Saints Eleven – I Told You


Well…if there’s definitely one thing I can tell you, it’s that the album you’re about to hear about from Saints Eleven is so true to the rock-country music genre – the REAL one, not the modern-pop version; so genuine and authentically played I can all but guarantee this would drive many of our rock-metal fans completely insane. This is the real-deal as far as traditional country is concerned, make no bones about it; but I’ve always said I’ll listen intently if I can hear you believe in your material, even if it’s outside of my own typical genres or styles of music. I like to think a lot of the rounding-out of my own musical knowledge is because of that commitment…and I think that, to a large degree this is what makes us special, and different. We support music, of all kinds, natures, shapes and skill-levels – and you’ve now heard it directly (Well, ok, you’re reading it but I’m SAYING it from here in my chair…) from me – Saints Eleven are completely welcome here.

I Told You opens with a classic country fiddle, and the tales begin. Loves are lost, monies & beers are gone, wives have left and dogs have begun to run away…ok, ok, ok…I’m fanning the flames of country mythology rather than factually reporting. Loves are lost during the opening track “Turns To Rust” – we’ll check on the status of the family, family dog and beer situation as the album plays on through…keep you updated, promise…

What I can tell you, is that lead-singer/guitarist Jeff Grossman was BORN to sing country music. If there’s one thing beyond any other on this entire album, it’s the perfect delivery in the vocals of Saints Eleven. Listen to the track “How Long” and how he draws out the words in his signature country-drawl; there’s no question here, this is natural talent and ability on display her; and Jeff is clearly making the music he loves to hear the most.

And there’s much more to continue loving about this country act than just the amazing beard on bass-player Jeffrey Mosley’s chin, though it does warrant having its own dedicated sentence. His bass parts are perfectly played, and the rhythm section between himself and drummer Chris Bradley is fully stocked with all the heart & skill you need to really hold it all together. Much, much credit also to their dedicated and incredibly-skilled fiddle player, Michael Poole, who has an immaculate touch & feel for the music of Saints Eleven and is truly an integral part of the music overall. Listening to songs like “How Long” and “Down The Road” and you’ll hear exactly how essential Michael’s sound is to Saints Eleven.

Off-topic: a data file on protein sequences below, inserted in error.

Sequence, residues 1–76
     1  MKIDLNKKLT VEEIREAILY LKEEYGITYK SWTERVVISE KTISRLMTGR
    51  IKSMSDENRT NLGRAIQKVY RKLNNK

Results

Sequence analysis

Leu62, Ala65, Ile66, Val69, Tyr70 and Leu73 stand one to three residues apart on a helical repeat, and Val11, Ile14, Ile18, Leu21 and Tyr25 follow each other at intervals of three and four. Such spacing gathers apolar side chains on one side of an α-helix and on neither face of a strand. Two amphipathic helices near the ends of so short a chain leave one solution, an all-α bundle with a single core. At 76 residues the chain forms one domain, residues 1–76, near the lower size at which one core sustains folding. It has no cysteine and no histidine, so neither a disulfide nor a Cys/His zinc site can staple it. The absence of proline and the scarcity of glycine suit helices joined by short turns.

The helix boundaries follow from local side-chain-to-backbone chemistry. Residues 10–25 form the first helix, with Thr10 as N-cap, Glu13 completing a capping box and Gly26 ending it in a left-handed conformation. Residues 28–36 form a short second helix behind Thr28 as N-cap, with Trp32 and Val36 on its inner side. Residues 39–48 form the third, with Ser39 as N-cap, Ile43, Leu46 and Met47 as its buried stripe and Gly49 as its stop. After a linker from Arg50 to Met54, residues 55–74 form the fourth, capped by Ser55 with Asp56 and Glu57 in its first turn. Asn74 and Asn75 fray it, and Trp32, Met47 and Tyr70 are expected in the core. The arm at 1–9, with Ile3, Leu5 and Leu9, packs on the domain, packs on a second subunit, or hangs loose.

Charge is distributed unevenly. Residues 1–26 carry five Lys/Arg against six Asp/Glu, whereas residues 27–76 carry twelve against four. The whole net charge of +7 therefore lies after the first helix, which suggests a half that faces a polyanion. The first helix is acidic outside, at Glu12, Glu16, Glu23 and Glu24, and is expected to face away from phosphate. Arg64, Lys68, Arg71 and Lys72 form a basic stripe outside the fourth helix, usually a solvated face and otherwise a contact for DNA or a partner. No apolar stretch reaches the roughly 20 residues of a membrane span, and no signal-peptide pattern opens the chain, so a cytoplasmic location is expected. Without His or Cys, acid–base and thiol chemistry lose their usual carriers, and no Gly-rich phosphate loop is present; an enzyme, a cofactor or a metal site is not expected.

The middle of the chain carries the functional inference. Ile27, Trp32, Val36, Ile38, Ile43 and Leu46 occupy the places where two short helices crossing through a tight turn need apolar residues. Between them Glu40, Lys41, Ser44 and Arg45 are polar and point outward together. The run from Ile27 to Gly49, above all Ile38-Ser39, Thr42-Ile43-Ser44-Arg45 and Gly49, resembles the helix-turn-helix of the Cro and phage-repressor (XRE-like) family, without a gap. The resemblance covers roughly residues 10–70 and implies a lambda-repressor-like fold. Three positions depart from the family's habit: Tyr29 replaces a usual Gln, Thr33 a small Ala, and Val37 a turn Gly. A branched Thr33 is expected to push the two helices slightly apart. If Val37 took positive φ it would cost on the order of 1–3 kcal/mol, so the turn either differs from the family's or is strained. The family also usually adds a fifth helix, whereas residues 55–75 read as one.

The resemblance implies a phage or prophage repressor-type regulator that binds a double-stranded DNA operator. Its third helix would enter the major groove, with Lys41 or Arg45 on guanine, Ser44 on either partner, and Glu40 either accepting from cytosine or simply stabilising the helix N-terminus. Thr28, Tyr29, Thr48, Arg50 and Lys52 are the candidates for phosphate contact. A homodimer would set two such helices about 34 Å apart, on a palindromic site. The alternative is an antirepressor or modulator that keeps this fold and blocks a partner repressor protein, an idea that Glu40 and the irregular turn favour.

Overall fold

I am however, extremely disappointed in myself that I can’t right now figure out the damn song where this guitar line has been yanked from… It’s so familiar…I swear I’m gonna get it by the end of this review…

“Just For Tonight” has a familiarity to it as well…but maybe that’s just the comforting aspect that comes in with this song. Of the four I’ve experienced up to this point, this has been the most engaging for me as a listener. Stripped of the rock-aspect of the country and Saints Eleven, focused here on a slow ballad, come out clearly and beautifully as they take on this sweet track. There’s still sorrow…there’s still trials and tribulations and obstacles to overcome thematically…I mean, hey, it’s country-music…thematically not a whole hell of a lot EVER goes right for these characters they write about, so to have a LOT of good times going with the bad times in this song…well, I’ll take it when I can get it!

With a ZZ-Top like “La Grange” style of a song, Saints Eleven pulse into “I Don’t.” The classic rock-roots of their influences outside of country show right through on this track…something that, were it not for the fiddle sounds and Grossman’s voice once again, could fit in right as easily with Steppenwolf, April Wine or Joe Walsh. It’s a good song, again, closer to the rock-side of country here…but to me, I like this band best when they sound like Saints Eleven and no one else. The following two songs are the perfect example of what I mean; “Old Friend” and “Hungover” are much more authentic to the sound of Saints Eleven. There’s a little bit of a ‘formula’ to any kind of music; it’s how we all know what genre you’re playing in the first place, but these songs work well to get them past the basics and leave an impact with those listening.

What’s THIS? Saints Eleven have you been holding out on us? “A Little Time With You,” is a great song. Reaching for an almost Joe Cocker-ish style of a song; this is like the perfect combination of blues-rock and country together, and assembled tightly into a song with a strong pulse, rhythm and groove. Carrying that strength right into the final track, “Stone Free” starts out gently before hitting their rock-country vibe in full stride as they end off the album on an extremely confident note.

It IS country through and through…make no mistake. I think rock fans with a tendency towards the lighter-side can find that crossover potential here, but it’s always a tough battle to win over new fans outside of the genre when you play this true to the style. That being said, it’s clearly an authentic sound made by four musicians that care deeply for this sound and have made every effort to put it out with maximum conviction. Played convincingly throughout I Told You, these guys have certainly put forth a valid effort in making me a country fan with their excellent ideas and obvious talent on this latest album.

Find out more about them at:

Jer@SBS –

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